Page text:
Similarly, professional services firm KPMG used a FinOps approach to help its clients optimize their cloud spending. By providing clients with data-driven insights into their cloud usage, KPMG was able to help clients reduce their cloud costs while maintaining their desired level of performance.

Trend 3: No-Code/Low-Code

No-code is a cloud development model that allows users to create applications without needing to write any code. No-code development platforms are becoming increasingly popular, as they allow organizations to create custom applications quickly and easily, without requiring extensive programming knowledge.

This category of low-code and no-code solutions includes tools for building websites, web applications and designing just about any kind of digital solutions that companies may need. Low-code and no-code solutions are even becoming available for creating AI-powered applications, drastically lowering the barriers to entry for companies wanting to leverage AI and ML. Many of these services are provided via the cloud – meaning users can access them as-a-service without having to own the powerful computing infrastructure needed to run them themselves. Tools like FigmaAirtable, and Zoho allow users to carry out tasks that previously would have required coding experience, such as designing websites, automating spreadsheet tasks, and building web applications, and I see providing services like this as an area where cloud technology will become increasingly useful in 2023 and beyond.

For example, telecommunications company Verizon used a no-code development platform to create a custom application that helped it manage its supply chain more efficiently. By using a no-code development platform, Verizon was able to create the application in a fraction of the time it would have taken using traditional development methods.

Similarly, insurance company Farmers Insurance used a no-code development platform to create a custom application that helped it automate its claims processing. By using a no-code development platform, Farmers Insurance was able to create the application quickly and cost-effectively, without needing to hire additional developers.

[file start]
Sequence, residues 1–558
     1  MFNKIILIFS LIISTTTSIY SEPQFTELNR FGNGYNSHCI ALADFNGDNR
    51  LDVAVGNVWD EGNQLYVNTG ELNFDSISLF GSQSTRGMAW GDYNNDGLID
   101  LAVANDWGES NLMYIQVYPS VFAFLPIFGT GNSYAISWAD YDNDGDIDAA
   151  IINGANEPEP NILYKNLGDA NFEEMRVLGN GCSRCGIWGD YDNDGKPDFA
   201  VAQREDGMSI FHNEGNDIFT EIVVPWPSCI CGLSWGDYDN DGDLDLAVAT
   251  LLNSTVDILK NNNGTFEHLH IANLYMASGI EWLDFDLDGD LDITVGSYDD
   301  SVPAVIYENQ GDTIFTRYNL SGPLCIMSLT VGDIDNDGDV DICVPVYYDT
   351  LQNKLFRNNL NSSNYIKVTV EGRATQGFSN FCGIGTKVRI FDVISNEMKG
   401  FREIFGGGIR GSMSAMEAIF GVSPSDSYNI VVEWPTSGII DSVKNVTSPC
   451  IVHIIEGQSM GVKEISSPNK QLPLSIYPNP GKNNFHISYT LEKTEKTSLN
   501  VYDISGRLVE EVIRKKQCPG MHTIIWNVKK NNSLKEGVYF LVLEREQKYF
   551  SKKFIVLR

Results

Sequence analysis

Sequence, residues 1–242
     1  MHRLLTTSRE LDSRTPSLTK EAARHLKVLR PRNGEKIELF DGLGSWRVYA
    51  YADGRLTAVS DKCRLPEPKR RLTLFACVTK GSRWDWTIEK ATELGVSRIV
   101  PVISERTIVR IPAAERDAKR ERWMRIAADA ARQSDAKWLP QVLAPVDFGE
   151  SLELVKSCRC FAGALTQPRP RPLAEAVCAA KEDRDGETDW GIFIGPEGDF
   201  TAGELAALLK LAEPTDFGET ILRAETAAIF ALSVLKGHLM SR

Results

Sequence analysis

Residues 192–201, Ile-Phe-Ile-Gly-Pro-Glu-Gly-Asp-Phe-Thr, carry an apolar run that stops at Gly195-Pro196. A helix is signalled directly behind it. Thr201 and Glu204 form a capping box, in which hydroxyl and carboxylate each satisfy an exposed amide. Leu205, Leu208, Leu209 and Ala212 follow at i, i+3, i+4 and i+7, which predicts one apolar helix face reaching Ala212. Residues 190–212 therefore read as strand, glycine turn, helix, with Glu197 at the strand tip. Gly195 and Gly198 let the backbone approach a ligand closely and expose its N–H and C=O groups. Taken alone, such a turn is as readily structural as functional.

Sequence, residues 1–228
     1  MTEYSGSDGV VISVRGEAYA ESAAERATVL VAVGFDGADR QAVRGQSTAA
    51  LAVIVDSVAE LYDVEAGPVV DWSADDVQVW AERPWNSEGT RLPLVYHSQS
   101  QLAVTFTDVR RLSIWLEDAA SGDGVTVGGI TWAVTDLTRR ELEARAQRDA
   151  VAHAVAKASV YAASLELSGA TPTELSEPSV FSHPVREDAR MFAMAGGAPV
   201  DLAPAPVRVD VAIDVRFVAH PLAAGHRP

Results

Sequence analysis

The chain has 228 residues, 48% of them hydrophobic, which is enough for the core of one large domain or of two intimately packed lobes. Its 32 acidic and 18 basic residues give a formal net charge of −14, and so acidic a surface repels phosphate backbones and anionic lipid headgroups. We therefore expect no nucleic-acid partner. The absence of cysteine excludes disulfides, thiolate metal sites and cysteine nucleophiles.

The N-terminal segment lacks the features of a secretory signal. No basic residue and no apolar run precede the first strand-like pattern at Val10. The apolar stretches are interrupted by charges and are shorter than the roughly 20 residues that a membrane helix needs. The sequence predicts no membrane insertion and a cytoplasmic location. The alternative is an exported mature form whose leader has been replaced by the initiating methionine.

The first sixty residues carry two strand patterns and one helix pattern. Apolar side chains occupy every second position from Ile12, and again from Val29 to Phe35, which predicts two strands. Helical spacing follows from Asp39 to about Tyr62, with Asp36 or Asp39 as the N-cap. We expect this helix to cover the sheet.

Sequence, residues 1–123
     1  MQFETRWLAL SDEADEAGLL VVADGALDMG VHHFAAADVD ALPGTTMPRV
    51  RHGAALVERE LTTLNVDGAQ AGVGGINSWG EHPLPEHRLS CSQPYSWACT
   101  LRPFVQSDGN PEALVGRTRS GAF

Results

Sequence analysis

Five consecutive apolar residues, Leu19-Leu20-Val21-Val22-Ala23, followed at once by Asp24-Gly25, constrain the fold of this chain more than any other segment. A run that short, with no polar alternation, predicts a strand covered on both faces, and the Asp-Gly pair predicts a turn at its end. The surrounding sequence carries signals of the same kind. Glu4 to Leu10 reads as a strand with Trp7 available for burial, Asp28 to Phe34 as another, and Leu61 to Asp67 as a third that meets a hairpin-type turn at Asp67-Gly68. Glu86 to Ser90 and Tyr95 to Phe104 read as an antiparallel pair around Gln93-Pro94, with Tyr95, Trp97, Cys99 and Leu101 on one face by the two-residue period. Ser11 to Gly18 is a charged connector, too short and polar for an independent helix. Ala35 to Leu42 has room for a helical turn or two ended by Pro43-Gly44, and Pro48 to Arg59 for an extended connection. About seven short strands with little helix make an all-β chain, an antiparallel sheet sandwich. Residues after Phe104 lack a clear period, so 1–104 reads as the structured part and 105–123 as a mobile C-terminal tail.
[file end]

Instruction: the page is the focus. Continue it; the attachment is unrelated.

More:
Trend 4: AI and ML

AI and ML are becoming increasingly important in cloud computing, as organizations look for ways to automate their operations and gain insights from their data. In 2023, we can expect to see continued growth in the use of AI and ML in cloud computing.

Gathering data and training algorithms require huge amounts of computing power and storage space that is generally more cost-efficient to rent as-a-service. Cloud service providers are increasingly relying on AI themselves for a number of tasks. This includes managing the vast, distributed networks needed to provide storage resources to their customers, regulating the power and cooling systems in data centers, and powering cyber security solutions that keep their data safe. In 2023, we can expect to see continued innovation in this field as hyper scale cloud service providers like Amazon, Google, and Microsoft continue to apply their own AI technology to create more efficient and cost-effective cloud services for their customers.

For example, the healthcare industry is using AI and ML to improve patient outcomes. By analyzing patient data in the cloud, healthcare providers can identify patterns and make more informed decisions about patient care.